Tim Cook, acting CEO of Apple Computer, refuted the notion that the House of Mac is plotting a low-end iPhone during the company’s Q1 conference call a few days ago.
“We’re not going to play in the low-end voice phone business. That’s not who we are, that’s not why we’re here,” Cook told Apple’s investors. “[Our] goal is not to lead unit sales, but to build the world’s best phone.”
So if we can take Mr. Cook’s statement at face value, the iPhone Nano is a dead letter, at least for the time being. However, we have to wonder whether Cook is following Steve Jobs’ party line on this one; Jobs showed no compunction about hitting the low end when running competitors out of the MP3 player market in past years.
There’s also some question as to what exactly Cook means by the “low-end voice phone business.” It sounds as though the distinction he’s making here is between feature phones–the clamshell affairs you typically get for free when signing a cell service contract–and smart phones. We wouldn’t expect Apple to delve into the feature phone market, where margins are lower and iTunes compatibility becomes a potential issue.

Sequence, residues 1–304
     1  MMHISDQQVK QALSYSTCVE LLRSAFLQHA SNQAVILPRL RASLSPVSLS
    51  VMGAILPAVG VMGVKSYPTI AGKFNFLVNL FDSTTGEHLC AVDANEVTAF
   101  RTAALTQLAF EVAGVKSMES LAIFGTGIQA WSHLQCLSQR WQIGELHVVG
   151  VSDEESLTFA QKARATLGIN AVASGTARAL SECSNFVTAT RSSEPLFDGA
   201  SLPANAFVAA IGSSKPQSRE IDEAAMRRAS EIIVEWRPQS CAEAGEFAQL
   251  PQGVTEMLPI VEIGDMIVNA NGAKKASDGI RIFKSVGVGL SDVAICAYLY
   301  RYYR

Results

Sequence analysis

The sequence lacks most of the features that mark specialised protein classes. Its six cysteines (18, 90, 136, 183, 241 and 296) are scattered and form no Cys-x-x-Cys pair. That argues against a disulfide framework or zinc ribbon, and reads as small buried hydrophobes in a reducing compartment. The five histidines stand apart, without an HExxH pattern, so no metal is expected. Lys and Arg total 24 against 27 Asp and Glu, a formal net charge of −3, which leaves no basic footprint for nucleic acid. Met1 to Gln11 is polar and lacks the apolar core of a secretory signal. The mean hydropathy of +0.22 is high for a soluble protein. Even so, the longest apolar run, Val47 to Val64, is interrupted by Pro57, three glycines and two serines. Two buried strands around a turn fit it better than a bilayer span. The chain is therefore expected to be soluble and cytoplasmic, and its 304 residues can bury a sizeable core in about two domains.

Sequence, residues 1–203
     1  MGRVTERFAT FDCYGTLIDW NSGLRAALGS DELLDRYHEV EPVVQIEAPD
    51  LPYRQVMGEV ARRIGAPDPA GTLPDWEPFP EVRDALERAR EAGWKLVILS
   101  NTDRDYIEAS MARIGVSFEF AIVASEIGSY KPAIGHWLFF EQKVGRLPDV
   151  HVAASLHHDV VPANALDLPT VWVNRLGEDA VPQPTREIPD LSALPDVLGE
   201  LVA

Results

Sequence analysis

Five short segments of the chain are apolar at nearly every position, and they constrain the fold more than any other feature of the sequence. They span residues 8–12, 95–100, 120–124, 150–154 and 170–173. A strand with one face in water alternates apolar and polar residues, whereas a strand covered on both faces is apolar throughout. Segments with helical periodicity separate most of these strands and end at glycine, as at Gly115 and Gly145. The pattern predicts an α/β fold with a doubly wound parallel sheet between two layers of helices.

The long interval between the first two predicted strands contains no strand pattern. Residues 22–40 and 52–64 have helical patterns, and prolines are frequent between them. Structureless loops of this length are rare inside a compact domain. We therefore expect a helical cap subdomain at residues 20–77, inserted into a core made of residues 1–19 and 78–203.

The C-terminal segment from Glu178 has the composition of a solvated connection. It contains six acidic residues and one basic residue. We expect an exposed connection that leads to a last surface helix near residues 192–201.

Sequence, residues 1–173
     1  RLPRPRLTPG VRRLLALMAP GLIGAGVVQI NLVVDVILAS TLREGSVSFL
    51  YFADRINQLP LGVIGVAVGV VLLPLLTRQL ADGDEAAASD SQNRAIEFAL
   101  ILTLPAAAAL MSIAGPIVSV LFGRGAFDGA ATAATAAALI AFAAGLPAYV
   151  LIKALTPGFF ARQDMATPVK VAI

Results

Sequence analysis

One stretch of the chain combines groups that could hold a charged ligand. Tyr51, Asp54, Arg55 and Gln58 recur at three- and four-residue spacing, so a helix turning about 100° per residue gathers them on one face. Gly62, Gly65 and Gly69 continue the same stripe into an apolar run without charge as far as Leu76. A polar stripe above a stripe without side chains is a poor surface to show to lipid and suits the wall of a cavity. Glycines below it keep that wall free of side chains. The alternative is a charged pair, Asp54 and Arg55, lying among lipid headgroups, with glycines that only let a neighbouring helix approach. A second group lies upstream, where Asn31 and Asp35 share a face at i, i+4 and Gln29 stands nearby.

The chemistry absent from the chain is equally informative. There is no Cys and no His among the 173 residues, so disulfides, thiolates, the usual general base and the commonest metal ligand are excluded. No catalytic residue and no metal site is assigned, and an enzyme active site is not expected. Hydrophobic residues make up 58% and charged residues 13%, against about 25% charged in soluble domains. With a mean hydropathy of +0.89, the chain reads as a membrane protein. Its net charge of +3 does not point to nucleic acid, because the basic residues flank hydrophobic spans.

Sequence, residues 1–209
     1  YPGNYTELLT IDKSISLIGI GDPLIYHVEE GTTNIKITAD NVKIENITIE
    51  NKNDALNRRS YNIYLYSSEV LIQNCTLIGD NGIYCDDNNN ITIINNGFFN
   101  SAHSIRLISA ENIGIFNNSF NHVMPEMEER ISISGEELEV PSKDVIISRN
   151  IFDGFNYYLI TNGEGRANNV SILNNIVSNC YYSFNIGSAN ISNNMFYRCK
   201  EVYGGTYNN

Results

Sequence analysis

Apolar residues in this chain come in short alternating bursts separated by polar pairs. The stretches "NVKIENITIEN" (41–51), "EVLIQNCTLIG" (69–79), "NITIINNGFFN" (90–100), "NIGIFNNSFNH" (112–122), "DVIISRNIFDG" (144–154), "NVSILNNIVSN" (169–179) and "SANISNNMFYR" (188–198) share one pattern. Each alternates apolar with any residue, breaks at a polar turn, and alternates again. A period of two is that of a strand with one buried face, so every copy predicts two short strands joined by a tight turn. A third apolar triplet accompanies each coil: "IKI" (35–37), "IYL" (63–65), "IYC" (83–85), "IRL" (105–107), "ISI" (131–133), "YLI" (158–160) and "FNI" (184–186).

We absolutely do think Apple is on guard against price competition from Blackberry, Samsung, LG, HTC and the rest of the smart phone gang. If one or several of those companies move to undercut the iPhone by introducing a “subcompact” smart phone, somewhere between today’s feature phones and the iPhone, Apple will probably be obliged to respond.
Never say never, Mr. Cook.
[from iPhone Alley]